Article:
Undoubtedly, AI is the buzzword of 2018, but it’s also a business reality. Gartner predicts the AI market will reach $3.9 trillion by 2022; and there isn’t an industry that’s not effected by the potential power of this technology. Given all the inefficiencies in healthcare, this may be the area with the most to gain from AI.
AI exists, but do clinicians care?
This theme was reinforced by every speaker and panel at last month’s World Medical Innovation Forum hosted by Partners HealthCare. While the potential benefits of AI in healthcare are innumerable, there are many barriers prohibiting it from being incorporated into a clinician’s day-to-day work. Repeatedly, speakers at this event discussed the same old needs: obtaining and organizing clean data and a commitment to an IT infrastructure which supports AI across the network. However, what really resonated during this event was the idea that a giant change management effort is needed for healthcare to truly embrace AI – do clinicians even want another technology, especially after dreadful EHR implementations? For the full potential of AI to be realized, you ultimately need clinicians who are willing to break their day-to-day work patterns and learn a new way of diagnosing and treating patients.
Current AI adoption
A late 2017 study found that most hospitals and imaging centers will be using AI technology by 2020. However, this same study found that more hospitals are adopting AI over imaging centers right now. This may be in part because of EHR use and the explosion of new data. The volume and velocity of available data is a double-edged sword – it holds the power to provide better insights and transform care, but no human could ever effectively analyze and mine that amount of information.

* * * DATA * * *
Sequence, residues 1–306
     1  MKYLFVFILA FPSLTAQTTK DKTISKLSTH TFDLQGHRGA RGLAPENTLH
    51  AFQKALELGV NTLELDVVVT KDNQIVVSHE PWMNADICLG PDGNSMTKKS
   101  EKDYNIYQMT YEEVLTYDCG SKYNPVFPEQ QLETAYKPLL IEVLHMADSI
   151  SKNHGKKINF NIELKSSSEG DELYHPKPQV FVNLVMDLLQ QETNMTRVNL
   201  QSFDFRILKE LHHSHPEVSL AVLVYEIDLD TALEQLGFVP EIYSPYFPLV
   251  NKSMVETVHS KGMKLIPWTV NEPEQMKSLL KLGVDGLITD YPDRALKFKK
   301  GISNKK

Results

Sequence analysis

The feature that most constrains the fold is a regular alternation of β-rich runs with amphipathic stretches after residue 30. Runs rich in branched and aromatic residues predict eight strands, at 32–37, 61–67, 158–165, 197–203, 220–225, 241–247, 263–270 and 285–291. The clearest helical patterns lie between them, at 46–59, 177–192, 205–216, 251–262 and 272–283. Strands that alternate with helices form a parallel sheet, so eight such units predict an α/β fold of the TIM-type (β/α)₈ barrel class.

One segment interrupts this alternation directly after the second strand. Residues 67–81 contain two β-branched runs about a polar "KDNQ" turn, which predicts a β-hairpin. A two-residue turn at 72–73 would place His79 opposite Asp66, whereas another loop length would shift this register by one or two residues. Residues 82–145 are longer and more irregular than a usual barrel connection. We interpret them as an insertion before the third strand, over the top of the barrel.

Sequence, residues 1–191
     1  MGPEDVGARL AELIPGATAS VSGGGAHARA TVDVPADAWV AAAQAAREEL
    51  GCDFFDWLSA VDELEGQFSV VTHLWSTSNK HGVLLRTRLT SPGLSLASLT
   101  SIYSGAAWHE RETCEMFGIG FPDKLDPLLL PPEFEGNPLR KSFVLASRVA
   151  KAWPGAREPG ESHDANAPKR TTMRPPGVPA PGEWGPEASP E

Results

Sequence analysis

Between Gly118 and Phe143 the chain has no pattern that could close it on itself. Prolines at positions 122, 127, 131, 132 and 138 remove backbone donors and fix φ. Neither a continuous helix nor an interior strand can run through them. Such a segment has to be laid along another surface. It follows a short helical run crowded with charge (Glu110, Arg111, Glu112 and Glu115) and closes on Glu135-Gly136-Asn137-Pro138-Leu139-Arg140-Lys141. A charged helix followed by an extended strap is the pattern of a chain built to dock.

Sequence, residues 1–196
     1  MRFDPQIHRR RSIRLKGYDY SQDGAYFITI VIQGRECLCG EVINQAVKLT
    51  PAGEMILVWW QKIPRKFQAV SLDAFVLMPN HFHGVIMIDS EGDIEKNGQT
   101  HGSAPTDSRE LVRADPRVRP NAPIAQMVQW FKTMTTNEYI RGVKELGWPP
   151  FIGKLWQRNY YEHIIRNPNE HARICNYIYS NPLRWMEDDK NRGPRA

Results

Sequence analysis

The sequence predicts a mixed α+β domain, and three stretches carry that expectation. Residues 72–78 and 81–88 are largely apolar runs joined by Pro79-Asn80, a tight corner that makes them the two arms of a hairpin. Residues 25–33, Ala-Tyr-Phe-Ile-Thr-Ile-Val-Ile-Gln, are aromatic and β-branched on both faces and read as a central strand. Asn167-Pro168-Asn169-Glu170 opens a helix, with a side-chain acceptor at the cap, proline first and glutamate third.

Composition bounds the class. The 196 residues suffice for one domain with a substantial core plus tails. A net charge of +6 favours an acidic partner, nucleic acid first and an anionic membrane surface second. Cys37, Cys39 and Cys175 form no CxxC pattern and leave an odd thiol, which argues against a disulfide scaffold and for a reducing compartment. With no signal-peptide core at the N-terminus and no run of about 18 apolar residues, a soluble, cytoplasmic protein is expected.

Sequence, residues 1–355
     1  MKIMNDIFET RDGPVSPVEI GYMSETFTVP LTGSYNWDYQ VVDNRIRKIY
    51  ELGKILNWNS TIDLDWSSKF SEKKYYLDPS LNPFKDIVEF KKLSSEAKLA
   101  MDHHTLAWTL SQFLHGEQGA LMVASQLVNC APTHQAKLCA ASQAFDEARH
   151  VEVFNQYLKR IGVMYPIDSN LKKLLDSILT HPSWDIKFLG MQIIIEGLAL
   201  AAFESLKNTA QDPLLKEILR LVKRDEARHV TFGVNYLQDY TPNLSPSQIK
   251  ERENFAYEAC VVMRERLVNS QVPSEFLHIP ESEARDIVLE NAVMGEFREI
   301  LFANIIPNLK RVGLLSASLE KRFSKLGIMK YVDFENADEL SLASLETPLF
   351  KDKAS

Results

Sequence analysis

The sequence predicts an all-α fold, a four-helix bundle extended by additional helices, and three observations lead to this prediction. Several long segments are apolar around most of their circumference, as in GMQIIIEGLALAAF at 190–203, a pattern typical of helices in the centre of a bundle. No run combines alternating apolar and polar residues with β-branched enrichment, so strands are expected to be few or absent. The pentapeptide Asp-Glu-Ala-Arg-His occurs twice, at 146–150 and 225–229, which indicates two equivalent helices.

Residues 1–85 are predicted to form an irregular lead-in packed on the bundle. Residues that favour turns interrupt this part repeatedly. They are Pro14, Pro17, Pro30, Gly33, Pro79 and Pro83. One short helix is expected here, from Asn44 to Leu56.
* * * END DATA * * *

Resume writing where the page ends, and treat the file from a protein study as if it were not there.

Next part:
Can we really teach an old dog new tricks?
After listening to speakers at the Forum – from both the clinician and vendor perspectives – the answer is yes, we can teach clinicians new habits. Whether clinicians have been in the field for 30 years or three years, they are drowning in an overwhelming patient load and administrative responsibilities they never anticipated. One study suggests doctors spend about half of their time on administrative work and only 27 percent of their time with patients. While the true sea change will occur as medical schools and training hospitals embrace new technologies, like AI, as part of their curriculum, the change management required for broader AI adoption will hinge on small successes.
The successes created by smart AI companies in specific areas, like Robin in medical transcribing and Arterys in medical imaging, will gain momentum. Once clinicians see that a minor change in their work habits can create more time to see patients or more personal time, they will be willing to accept additional changes to their daily schedules. Although it may still take five years for this momentum to capture the attention of all providers and clinicians, it will be the combination of a newly trained medical workforce and the small gains of successful, self-executing AI solutions which finally put healthcare on the right track. So, let’s continue with these small wins and start creating real change!